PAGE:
Hard drive vs. cloud backup

Hard Drive vs. Cloud Backup

When you’re thinking about where to keep your backups, it’s understandable that you might assume a physical hard drive you can see is a more secure option than a remote computer in an unknown location. In reality, cloud-based backups can be just as, or even more secure than a hard drive. They can also offer several practical benefits.  Let us help to break down the ultimate matchup of hard drive vs. cloud backups.

Encryption

The best online backup services make security a key feature, using powerful encryption both in transferring the data from your machine and in storing it on their own machines. Look for services that offer 256-bit AES protection. For the ultimate security, check out “zero-knowledge encryption” services which require an encryption key that’s only known and available to you. That means even the staff at the cloud company can’t access your data in a usable form.

Redundancy

Good cloud-based storage will normally make multiple backups of your data, stored in different locations. That protects against the risk of any copy suffering data corruption or physical damage: a risk that’s already low thanks to data storage centers being ideally designed and maintained to protect their contents. Using hard drives for your backups means having to choose between increased vulnerability to damage or significantly increased costs in using multiple drives. It can also be costly or impractical to keep the drives in different locations to mitigate the risks of fire, flood, or theft compromising all the copies at once.

Access

A cloud-based backup offers much more flexibility than a hard drive when you need to access data outside of your main office. For remote access to hard drives, you need either your office computers or the back-up drives to be permanently switched on, connected to the internet, and adequately secured. A cloud back-up offers all of these automatically, making remote and flexible working easier. You will need to use suitable software to track changes to files so that everyone is always working on the latest version.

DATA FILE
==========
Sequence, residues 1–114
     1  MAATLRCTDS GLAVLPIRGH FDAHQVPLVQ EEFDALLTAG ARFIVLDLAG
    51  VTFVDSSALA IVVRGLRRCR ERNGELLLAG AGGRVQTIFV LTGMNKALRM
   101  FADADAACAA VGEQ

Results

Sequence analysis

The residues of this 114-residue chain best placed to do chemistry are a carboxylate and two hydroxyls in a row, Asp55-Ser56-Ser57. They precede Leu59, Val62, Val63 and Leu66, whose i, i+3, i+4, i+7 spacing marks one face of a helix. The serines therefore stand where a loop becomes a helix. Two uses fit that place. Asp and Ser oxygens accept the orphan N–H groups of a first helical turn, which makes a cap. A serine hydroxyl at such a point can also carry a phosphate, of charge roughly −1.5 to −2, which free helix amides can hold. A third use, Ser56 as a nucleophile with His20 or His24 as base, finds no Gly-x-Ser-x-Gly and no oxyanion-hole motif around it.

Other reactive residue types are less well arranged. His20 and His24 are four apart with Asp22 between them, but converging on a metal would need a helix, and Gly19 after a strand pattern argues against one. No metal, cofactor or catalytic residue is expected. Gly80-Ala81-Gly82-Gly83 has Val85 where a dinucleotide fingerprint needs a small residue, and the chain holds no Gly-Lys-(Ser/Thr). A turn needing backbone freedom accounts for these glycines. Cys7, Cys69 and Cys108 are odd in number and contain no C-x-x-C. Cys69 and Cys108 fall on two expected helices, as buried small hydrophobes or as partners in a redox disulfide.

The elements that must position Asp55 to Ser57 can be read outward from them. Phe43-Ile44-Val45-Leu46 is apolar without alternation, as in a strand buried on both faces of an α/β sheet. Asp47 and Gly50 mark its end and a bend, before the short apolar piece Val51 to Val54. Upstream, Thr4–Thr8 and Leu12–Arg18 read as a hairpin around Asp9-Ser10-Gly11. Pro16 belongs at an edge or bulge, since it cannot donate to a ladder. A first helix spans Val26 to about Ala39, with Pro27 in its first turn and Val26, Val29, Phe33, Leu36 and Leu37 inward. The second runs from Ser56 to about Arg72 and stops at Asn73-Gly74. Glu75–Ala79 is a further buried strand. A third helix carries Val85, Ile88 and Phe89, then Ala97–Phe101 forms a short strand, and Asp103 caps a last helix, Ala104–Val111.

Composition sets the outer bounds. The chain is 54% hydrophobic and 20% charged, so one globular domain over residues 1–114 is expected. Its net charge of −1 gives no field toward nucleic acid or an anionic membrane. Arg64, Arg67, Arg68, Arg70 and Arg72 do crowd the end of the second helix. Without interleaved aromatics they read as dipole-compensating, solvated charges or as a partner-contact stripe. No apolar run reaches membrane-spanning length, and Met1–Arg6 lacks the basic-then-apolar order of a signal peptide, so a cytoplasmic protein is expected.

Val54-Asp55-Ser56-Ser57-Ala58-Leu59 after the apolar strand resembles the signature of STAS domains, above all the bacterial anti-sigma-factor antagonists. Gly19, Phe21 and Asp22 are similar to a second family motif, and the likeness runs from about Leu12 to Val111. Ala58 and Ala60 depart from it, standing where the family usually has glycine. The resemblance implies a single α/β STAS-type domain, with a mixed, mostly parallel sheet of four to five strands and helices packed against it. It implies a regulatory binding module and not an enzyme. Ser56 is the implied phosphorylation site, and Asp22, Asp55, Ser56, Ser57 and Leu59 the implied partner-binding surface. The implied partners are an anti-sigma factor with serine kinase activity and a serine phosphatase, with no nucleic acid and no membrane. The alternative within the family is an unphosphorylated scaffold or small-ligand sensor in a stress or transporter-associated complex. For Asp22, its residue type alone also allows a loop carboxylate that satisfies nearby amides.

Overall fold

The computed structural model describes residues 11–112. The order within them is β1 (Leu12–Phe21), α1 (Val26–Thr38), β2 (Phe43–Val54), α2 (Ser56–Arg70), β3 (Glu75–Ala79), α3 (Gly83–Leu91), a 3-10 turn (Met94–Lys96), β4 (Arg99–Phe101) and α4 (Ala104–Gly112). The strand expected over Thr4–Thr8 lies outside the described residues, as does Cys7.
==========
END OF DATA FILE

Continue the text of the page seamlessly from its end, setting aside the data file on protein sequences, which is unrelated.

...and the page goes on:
Drawbacks

When backing up to the cloud, you are limited by the upload speed of your internet connection, which can often be much slower than the write speed of a hard drive. Whether this is a significant problem depends on the size of the files concerned: for example, it may be more of an issue with security camera video than with spreadsheets. One way around this is to use sync software that will only copy across files that have changed since your last backup.

It’s worth remembering that cloud vs hard drive doesn’t have to be an either/or choice. You could find an affordable and practical blend of the two, for example by automatically backing up to the cloud in real-time and then making a manual back-up to a hard drive once a week. Alternatively, you could back up everything to the cloud and use a hard drive to make an extra copy of your most important files.

If you’d like help exploring your options with hard drives vs. cloud backup, contact us today and we can discuss what’s best for you.

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